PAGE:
Previously I have written about the importance of the millennial generation and how this group is changing the face of wealth management. This is this very same generation that is driving technological change in the fintech space. Not only does this generation not see a traditional bank branch in their future, they expect banks to provide them with state of the art products and services they demand. This is, in many cases, at odds with what the traditional banks think they can sell to this market segment.
This new generation believe that consumer banking services must travel at least as fast as their 4G connection. 21st century software groups are targeting the preserve of the traditional banks and winning millennial custom.
The reason this is happening is because millennials expect their smart phone devices to do everything from their financial affairs to their social media activities. Agile software start-ups are recognising this trend and satisfying the demand. Interestingly, not all customers are millennials, older customers are adding momentum to the demand for greater levels of service and extended product ranges. Traditional banks are now challenged on all fronts.
Governments are keen to see greater competition in this marketplace. In the UK traditional banks have been encouraged to introduce their own proprietary APIs (Application Program Interface) to help compete with the new arrivals from the fintech space . The standard to which traditional banks are now having to compete is that the new arrivals offer modern technology enabled platforms and applications matched with compelling propositions focussed around speed, ease of use and value for money. Quite simply, these new offerings hammer traditional banking models and the speed of the innovation is impressive.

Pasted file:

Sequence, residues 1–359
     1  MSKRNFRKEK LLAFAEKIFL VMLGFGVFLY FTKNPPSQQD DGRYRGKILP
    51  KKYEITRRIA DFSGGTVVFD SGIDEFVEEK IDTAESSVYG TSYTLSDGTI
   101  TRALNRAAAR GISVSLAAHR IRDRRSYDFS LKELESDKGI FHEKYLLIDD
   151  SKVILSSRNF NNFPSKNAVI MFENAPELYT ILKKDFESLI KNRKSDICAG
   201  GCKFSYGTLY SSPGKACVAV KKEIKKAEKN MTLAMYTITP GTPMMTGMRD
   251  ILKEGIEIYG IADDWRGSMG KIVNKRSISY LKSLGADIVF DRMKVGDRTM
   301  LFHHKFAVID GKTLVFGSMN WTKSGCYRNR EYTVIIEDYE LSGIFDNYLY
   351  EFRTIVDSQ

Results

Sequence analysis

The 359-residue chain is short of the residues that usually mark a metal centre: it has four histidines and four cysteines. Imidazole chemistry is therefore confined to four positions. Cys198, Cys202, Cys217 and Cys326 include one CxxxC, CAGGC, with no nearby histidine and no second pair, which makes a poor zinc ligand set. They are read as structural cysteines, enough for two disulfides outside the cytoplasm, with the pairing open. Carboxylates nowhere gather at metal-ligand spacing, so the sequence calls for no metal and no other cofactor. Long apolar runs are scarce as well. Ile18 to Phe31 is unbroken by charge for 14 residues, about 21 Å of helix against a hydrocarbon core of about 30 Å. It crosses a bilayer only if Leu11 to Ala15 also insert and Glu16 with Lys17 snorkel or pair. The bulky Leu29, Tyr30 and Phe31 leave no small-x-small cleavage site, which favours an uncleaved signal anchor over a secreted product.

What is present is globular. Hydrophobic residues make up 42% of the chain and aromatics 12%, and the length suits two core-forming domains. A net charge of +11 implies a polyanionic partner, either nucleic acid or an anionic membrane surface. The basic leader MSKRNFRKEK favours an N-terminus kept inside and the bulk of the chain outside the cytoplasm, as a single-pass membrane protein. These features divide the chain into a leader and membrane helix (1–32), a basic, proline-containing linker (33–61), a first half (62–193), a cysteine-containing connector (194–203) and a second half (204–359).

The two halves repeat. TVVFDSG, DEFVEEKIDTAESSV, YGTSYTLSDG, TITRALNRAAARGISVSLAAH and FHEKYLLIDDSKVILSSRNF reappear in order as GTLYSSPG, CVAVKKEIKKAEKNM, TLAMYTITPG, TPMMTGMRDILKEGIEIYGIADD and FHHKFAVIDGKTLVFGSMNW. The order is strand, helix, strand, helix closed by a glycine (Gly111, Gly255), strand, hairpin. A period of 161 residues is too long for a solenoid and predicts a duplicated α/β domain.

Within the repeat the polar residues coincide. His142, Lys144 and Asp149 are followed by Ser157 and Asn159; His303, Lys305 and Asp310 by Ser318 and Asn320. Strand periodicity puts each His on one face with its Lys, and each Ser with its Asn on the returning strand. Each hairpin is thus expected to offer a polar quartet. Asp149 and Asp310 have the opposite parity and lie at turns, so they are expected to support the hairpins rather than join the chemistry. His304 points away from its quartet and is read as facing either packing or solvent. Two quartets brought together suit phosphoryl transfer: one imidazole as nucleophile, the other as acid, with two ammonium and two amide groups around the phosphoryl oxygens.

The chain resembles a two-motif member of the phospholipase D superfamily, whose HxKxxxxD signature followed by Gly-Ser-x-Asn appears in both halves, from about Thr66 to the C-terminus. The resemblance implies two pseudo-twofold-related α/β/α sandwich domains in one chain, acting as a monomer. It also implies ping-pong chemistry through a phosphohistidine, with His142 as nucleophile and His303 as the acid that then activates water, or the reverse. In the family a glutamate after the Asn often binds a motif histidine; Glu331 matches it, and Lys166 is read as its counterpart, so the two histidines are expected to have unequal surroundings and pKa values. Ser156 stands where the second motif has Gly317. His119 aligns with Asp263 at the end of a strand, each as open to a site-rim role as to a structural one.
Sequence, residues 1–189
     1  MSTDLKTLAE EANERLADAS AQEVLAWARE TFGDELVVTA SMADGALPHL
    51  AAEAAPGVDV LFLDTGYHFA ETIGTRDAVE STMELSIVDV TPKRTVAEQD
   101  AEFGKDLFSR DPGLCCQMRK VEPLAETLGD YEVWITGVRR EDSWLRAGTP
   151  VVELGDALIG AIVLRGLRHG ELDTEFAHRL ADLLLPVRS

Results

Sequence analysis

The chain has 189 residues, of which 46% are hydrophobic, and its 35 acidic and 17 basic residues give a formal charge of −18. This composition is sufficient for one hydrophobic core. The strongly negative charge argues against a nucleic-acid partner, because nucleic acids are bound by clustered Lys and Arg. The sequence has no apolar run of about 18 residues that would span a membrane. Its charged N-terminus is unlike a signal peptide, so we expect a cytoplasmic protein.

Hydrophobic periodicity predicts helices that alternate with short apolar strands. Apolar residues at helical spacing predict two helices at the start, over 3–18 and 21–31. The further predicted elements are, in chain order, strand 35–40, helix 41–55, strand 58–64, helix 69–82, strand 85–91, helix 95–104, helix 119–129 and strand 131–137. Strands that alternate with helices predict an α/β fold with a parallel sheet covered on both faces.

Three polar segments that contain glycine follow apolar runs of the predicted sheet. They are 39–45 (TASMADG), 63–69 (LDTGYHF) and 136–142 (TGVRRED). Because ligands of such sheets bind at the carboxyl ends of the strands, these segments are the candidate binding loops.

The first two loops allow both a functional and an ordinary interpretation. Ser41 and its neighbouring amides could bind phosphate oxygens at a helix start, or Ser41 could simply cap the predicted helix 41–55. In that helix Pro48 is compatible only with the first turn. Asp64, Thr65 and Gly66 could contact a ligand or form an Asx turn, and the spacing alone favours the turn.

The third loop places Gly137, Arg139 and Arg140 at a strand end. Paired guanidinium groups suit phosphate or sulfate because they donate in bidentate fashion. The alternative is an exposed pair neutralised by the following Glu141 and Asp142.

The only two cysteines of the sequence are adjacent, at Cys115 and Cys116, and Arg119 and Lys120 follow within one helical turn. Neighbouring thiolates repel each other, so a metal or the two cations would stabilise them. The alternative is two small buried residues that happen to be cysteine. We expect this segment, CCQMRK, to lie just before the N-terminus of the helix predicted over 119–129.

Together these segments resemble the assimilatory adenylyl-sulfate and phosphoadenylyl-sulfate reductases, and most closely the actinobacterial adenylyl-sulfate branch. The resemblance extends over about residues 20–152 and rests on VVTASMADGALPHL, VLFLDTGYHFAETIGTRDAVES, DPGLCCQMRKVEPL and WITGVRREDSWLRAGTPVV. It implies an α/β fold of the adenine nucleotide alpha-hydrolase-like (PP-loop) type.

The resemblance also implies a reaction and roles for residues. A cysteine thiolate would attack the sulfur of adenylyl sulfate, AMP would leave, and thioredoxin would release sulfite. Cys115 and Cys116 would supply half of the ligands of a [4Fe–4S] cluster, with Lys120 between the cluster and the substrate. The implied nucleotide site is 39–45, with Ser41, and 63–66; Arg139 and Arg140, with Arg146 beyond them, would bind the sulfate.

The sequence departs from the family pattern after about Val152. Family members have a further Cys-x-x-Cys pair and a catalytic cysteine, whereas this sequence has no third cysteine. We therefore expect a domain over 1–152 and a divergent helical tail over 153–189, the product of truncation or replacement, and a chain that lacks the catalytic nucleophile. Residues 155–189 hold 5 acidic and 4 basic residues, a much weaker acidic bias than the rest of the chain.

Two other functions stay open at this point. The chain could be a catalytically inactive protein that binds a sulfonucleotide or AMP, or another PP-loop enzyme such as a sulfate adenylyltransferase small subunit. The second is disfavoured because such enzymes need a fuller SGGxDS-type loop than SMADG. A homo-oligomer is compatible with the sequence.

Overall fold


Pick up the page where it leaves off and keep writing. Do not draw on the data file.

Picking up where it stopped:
To respond to this competition, traditional banks will need to re-examine their perceptions of the needs of their consumers. In addition to the added competition, even greater challenges for traditional banks are gaining momentum in the regulation space, both from the European Union (PSD2) and from the UK regulator. These changes may herald potentially greater access for fintech start-ups to the Faster Payments scheme, further adding to the new entrants’ abilities to compete.
Is banking about to have its social media moment? A new digital era has already begun in financial services. Traditional banks, in response, are cost cutting and returning to the core profitable elements of their businesses. Traditional banks will continue to be dominant parts of the economic ecosystem for the foreseeable future. They ride their fabulous brand equity and benefit from relatively captive loyal customers from less demanding consumer segments. However, in order to maintain their current market positions and re-establish the dominance they have previously enjoyed, traditional banks must fully satisfy the demand for fast, innovative, more socially integrated internet based products. The time for investment and development in these systems is now.
By: Brian Donegan